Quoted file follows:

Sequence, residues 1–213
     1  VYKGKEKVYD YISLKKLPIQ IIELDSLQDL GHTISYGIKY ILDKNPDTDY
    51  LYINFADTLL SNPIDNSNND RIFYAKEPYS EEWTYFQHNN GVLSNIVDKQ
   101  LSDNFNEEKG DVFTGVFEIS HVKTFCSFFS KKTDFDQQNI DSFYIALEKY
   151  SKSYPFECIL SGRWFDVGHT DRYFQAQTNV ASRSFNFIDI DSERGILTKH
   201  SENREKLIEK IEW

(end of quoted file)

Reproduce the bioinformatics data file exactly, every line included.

Sequence, residues 1–213
     1  VYKGKEKVYD YISLKKLPIQ IIELDSLQDL GHTISYGIKY ILDKNPDTDY
    51  LYINFADTLL SNPIDNSNND RIFYAKEPYS EEWTYFQHNN GVLSNIVDKQ
   101  LSDNFNEEKG DVFTGVFEIS HVKTFCSFFS KKTDFDQQNI DSFYIALEKY
   151  SKSYPFECIL SGRWFDVGHT DRYFQAQTNV ASRSFNFIDI DSERGILTKH
   201  SENREKLIEK IEW